One of the most important lessons we can learn in life is how to say no. Although this sounds (and might come) easy to some, many of us struggle with it. This means that we often find ourselves agreeing to things that we shouldn’t or don’t want to do. You will face situations like these often in your life, whether that be in your private or professional life. And the sooner you learn to say no, the sooner you will be able to focus on things that you actually want to have time for. There is no point wasting your precious time and energy on tasks that you don’t want to do. So here are my top tips when it comes to saying no.
Take time to think
Often when we are asked to do something, we are out on the spot – either in person or on the phone for example. Emails and text messages allow us this time. However you are asked, take time to think about it by saying you’ll think about it or get back to them soon. Then weigh your pros and cons, see if you can afford to and want to say yes and then give them your answer. It is important that you keep your word and give them an answer, though. Otherwise it might negatively impact future interactions.
Put yourself first
Putting your needs first is a crucial part of self-care. If there is a chance that your wellbeing might be impacted – whether that be through stress, a bigger workload, less sleep, working with someone difficult, doing a tedious task… – you should put yourself first. Ask yourself, in all honesty, if agreeing to this will affect your mental or physical health in anyway and, only once you have truthfully answered that question in your head, decide whether or not you will agree. Remember that your most important relationship is with yourself, so honour that and put yourself first.
Don’t feel guilty
Saying no to someone can often make us feel guilty. And if you are the type of person that wants to help others and be there for people, this can be especially hard. But saying no to someone shouldn’t make you feel guilty. If you aren’t able or don’t want to do something, it is your right to say no – which is why they asked you in the first place. Unless it is a matter of life or death, you shouldn’t feel guilty for not agreeing to something.
You don’t have to explain yourself
Often when we say no to someone, we explain why we can’t do something or go somewhere to justify our answer. But you don’t have to do that. You are allowed to just say no and not give a reason. This is especially true when you are asked to do something in work which clashes with your personal life. You don’t owe anyone, not even your boss, an explanation for why you said no. And in a more personal setting, if you don’t want to do something with someone, you are allowed to say no. Especially if this is of romantic or sexual nature, giving your consent is key. If you don’t feel comfortable doing something, it is your right to say no – no explanation necessary. And if someone will not accept that, then toss them out of your life. You deserve to be respected.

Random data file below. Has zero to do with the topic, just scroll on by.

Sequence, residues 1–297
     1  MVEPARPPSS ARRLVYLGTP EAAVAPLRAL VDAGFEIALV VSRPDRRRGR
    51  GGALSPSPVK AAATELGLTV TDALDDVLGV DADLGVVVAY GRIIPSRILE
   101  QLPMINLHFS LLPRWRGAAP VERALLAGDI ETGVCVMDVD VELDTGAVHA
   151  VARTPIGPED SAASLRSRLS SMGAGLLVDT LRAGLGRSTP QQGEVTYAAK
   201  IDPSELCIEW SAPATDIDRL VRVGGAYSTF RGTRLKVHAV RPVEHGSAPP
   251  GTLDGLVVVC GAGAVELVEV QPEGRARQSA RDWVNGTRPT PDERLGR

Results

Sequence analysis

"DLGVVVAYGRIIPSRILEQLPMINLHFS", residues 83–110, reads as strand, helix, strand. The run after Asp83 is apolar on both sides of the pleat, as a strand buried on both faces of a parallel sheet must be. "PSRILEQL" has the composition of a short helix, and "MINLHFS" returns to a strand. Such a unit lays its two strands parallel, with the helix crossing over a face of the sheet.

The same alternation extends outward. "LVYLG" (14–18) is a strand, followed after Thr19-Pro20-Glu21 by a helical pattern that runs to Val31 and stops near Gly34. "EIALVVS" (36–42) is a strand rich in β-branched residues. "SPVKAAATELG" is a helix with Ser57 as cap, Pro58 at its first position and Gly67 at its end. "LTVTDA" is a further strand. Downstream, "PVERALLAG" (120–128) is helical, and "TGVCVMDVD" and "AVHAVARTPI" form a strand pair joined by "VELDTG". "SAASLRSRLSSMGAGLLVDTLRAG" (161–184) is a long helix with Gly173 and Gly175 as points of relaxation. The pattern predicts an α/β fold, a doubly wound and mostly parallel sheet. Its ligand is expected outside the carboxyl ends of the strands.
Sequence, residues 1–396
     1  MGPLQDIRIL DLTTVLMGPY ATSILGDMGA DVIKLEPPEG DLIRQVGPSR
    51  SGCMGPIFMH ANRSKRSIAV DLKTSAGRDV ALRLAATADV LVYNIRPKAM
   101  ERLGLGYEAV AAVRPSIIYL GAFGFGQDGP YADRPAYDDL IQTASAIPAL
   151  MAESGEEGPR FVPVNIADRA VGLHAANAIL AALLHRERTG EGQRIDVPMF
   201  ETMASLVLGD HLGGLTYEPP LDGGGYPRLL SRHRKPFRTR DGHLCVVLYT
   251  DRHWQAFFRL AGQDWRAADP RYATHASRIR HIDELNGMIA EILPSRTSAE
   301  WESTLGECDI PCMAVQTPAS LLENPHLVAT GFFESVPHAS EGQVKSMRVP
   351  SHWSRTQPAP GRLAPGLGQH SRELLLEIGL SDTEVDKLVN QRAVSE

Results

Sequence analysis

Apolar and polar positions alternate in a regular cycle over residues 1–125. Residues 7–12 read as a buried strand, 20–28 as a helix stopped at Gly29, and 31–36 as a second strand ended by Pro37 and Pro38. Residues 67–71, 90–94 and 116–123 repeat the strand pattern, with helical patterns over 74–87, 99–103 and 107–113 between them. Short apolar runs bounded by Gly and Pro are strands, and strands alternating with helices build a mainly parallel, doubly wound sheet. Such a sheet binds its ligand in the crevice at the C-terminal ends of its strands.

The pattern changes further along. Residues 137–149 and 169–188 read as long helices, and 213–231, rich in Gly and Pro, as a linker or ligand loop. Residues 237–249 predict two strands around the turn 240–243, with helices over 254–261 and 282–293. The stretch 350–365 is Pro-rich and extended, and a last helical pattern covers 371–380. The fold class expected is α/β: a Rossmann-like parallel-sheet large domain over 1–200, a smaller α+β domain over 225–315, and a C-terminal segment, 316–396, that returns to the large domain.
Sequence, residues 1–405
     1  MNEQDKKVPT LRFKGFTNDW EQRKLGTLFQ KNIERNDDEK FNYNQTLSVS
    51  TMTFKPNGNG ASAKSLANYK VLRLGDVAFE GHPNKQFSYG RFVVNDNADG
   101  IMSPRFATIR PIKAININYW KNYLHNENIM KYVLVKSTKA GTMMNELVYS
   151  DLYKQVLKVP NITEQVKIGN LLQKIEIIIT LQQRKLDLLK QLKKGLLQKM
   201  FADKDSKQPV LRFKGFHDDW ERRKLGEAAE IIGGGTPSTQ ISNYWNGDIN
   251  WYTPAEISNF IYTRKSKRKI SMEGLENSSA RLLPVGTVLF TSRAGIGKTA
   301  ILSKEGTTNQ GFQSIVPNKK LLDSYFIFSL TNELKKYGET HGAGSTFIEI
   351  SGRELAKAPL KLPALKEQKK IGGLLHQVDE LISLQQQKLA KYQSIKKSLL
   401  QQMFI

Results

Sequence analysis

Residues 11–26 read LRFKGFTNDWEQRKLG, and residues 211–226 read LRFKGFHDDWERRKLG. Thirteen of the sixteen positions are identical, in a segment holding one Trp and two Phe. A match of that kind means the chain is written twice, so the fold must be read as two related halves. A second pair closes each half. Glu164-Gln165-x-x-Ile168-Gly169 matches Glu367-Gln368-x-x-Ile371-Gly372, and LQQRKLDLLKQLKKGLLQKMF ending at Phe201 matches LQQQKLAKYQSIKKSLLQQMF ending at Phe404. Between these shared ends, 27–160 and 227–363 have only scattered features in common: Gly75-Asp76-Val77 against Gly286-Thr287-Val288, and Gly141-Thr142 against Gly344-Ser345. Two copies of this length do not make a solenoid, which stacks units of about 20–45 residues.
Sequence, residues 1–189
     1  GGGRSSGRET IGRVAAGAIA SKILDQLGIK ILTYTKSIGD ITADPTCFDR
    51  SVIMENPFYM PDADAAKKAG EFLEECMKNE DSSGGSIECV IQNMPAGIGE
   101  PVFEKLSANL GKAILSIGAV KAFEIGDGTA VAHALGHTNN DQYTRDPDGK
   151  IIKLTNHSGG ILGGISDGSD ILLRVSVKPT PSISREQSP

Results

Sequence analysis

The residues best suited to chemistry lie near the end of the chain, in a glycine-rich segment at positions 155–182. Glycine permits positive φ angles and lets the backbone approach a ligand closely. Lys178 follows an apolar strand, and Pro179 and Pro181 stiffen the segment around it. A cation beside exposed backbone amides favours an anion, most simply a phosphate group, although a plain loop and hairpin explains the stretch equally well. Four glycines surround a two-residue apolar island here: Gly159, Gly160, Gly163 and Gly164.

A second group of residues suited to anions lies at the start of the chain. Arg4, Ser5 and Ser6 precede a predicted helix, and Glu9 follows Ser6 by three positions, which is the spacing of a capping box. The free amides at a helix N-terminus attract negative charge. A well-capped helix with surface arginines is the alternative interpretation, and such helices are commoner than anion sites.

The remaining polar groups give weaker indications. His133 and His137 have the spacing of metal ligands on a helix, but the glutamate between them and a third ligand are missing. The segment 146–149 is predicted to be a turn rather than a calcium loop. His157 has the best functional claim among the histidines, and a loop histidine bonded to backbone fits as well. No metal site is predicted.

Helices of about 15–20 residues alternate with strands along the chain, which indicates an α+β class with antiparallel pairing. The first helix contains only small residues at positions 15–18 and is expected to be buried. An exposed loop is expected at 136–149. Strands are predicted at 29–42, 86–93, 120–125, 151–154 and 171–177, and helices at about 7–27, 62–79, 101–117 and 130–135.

This is a difficult one for me. I apologize too much. Like, way too much. If someone bumps into me, I will apologize to them. Why? You tell me. But I have been making a conscious effort to do it less. Bad habits are hard to break though. Anyway, when you say no to someone, you have no reason to apologize because you didn’t do anything wrong. All you did was answer a question. Which brings me to my next point.
You are allowed to say no
This has a lot to do with what I mentioned in the paragraph about guilt, so I will keep it short. When you are asked a yes-or-no question, you have the choice between saying “yes” and “no”. You are the one answering so you are the one that gets to decided how you will do so.
Read F**k No! by Sarah Knight
If you have read my 2nd list of self-help books, you will have come across this book already. It is the best Christmas gift I ever received. Sarah Knight presents the different kinds of yes-sayers there are and helps you figure out which one you are. Knowing why you have trouble saying no will be a huge steps toward helping you learn to say no to others. It’s also a very fun and entertaining read!
Learning to say no is a journey so don’t forget to celebrate the small wins along the way: saying no to working extra or to going on a night out or to someone trying to sell you something. This post was quite short as I am only slowly getting back into work-mode. Saying no to my work and taking some time away to grieve hasn’t been easy but it’s been a very good lesson in guilt. And I am happy to say that I do not feel guilty for taking some time to heal. I hope some of these tips helped you too and I look forward to see you here again soon. Take care.